Tradeshows are events centered around particular industries at which companies can demonstrate, or otherwise exhibit, their products or services to generate new leads, network with attendees, and assess their competition firsthand. A cornerstone of event marketing strategies, trade shows provide brands the opportunity to pitch their products or services in-person with the hopes of leaving a lasting impression through direct contact.

Tradeshows are often held in large event centers or halls. When brand representatives are manning their respective booths, they may participate in a variety of activities to both engage visitors and encourage passersby to stop in. These include hosting giveaways, giving booth tours, or making presentations. When they’re off-duty at their booths, brand representatives can arrange formal meetings with partners or prospects, or participate in less formal gatherings like team building exercises or happy hours. In addition, many tradeshows feature guest speakers or opportunities for continued education. The goal of these speaking opportunities is to leave a positive brand experience as a helpful thought leader in your industry. In other words, leave the sales pitch for the exhibit floor.

Companies that participate in tradeshows often rely on their marketing teams to produce and organize various types of content enabling sales and pushing leads through the funnel. Examples include the following:


  • In-depth brochures on products and services for interested prospects
  • Short, high-level flyers or brochures
  • Posters
  • Table banners
  • Surveys to solicit feedback from attendees as an element of market research

While tradeshow marketing is an effective way to generate leads and conduct market research, it can also be a costly and time-consuming endeavor. It’s important to make sure you upload all your tradeshow leads into your marketing database of record for further lead nurturing. Statistically, only 25 percent of the leads you capture at a tradeshow will buy from your company in year one while 75 percent will potentially buy from your company in years two or three. This makes lead nurturing mandatory or risk wasting 75 percent of your marketing budget for tradeshow activities.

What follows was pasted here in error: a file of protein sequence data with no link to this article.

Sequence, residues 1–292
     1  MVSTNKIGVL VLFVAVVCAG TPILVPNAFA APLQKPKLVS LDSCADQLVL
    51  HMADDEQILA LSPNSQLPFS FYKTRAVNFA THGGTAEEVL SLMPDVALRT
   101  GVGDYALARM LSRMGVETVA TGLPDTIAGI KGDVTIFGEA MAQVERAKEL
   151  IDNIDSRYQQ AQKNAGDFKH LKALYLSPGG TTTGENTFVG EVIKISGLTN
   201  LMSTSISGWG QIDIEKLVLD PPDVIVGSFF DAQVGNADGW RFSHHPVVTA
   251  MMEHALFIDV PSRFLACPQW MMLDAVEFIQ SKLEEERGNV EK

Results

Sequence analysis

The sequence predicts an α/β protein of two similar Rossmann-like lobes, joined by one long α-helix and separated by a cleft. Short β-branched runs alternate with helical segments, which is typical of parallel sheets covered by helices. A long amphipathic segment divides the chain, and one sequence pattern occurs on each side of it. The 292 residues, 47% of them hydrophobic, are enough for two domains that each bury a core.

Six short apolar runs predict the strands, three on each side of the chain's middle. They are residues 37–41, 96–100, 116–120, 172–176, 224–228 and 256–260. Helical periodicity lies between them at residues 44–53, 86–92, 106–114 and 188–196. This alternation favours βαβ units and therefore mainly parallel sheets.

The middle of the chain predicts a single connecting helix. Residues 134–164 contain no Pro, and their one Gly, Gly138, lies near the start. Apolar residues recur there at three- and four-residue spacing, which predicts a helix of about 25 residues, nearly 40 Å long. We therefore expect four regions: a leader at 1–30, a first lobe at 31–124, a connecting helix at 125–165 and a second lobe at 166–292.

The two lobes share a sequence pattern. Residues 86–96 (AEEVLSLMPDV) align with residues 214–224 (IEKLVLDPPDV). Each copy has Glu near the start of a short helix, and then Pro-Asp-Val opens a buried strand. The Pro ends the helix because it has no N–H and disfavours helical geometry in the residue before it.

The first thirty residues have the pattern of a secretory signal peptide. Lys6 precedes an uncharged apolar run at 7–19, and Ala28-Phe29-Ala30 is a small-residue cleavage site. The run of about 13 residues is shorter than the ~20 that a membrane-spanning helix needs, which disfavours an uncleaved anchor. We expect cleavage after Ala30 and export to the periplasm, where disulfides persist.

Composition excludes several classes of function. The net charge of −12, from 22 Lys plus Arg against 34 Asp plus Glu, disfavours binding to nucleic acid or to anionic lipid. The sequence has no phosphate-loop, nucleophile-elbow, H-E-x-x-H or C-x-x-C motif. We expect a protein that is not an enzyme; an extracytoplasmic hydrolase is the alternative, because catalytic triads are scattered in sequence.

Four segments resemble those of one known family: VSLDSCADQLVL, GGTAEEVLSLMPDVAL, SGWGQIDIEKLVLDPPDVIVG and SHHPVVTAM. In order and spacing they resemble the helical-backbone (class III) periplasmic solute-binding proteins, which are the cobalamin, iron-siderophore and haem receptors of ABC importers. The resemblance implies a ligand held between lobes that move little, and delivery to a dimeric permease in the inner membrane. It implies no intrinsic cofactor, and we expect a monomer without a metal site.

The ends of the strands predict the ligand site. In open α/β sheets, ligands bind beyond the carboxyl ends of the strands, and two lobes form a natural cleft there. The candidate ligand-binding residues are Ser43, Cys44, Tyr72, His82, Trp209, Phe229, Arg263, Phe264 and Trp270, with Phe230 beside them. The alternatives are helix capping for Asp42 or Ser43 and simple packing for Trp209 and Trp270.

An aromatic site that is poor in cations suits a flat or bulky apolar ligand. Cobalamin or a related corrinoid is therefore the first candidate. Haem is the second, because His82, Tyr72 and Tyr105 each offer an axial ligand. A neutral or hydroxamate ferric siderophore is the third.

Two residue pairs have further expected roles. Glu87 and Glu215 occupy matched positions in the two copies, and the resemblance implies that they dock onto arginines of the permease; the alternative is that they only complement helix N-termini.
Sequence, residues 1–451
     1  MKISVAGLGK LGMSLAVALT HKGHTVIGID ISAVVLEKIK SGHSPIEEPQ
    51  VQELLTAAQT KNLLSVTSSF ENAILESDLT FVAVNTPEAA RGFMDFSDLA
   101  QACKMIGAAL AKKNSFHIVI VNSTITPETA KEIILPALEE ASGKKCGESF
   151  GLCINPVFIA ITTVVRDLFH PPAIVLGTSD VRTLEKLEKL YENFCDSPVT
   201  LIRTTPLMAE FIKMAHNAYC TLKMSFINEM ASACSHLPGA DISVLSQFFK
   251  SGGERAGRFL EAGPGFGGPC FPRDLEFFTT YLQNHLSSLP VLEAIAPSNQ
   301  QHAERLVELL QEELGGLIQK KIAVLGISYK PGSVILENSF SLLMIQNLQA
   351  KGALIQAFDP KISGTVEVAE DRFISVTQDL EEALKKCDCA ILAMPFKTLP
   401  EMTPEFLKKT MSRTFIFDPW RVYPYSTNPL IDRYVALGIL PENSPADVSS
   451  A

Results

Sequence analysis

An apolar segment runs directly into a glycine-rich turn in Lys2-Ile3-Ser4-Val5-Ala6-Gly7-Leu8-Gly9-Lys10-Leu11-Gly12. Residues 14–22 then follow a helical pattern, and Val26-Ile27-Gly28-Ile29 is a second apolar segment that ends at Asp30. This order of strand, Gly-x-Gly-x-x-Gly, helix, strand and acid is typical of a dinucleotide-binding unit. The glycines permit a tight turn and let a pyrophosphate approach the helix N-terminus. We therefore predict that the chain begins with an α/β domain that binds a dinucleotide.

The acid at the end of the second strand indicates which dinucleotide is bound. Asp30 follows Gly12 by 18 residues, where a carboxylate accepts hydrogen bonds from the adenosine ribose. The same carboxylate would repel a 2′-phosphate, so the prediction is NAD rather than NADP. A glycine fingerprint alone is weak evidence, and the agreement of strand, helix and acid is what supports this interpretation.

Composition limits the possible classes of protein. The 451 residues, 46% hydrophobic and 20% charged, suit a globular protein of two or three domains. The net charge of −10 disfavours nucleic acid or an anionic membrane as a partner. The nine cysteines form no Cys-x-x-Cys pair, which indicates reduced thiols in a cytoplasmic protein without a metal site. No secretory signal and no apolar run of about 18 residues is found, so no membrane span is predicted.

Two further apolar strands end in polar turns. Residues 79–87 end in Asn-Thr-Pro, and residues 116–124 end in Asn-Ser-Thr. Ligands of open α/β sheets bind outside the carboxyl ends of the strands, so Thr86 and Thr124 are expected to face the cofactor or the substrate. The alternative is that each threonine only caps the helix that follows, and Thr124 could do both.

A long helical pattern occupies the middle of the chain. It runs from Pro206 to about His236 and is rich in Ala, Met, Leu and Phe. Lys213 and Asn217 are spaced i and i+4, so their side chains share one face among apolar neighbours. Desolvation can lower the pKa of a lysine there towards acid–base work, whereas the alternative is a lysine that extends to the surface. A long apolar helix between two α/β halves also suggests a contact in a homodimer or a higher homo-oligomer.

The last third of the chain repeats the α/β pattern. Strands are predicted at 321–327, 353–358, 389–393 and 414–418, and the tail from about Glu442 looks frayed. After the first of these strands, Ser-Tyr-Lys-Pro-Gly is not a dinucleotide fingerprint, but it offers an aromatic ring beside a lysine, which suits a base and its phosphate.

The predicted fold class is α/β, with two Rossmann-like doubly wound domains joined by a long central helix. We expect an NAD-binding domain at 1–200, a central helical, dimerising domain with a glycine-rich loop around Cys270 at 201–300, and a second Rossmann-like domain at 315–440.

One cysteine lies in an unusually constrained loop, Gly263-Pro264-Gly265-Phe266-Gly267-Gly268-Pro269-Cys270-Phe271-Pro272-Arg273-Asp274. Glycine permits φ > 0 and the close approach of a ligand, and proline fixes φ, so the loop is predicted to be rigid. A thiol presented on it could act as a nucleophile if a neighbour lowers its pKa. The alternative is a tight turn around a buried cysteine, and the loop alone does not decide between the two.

Tips: Negotiate with the tradeshow producer for extra tickets to go along with your sponsorship. Be prepared to explain why you need those extra passes and show the event producer your marketing plan (create a plan if you don’t have one). 9 times out of 10 event producers will give you these extra passes if they believe you are going to help market the event. Their goal is very similar to yours; get as many people to the event as possible. Next, meet with your sales team to discuss who you should give these extra passes to i.e. ideal prospects in the area, key targeted accounts and then exiting customers. Look for ideal companies near the location of the tradeshow and coordinate with inside and field sales on how to invite these prospects to the event. Don’t just toss some marketing budget over to the event organizer then show up to the tradeshow and expect great things. Put a plan together on how you will capitalize on your tradeshow investment.

If you need some, one on one advice, please feel free to contact Shawn Elledge, founder of the Integrated Marketing Summit and Association.

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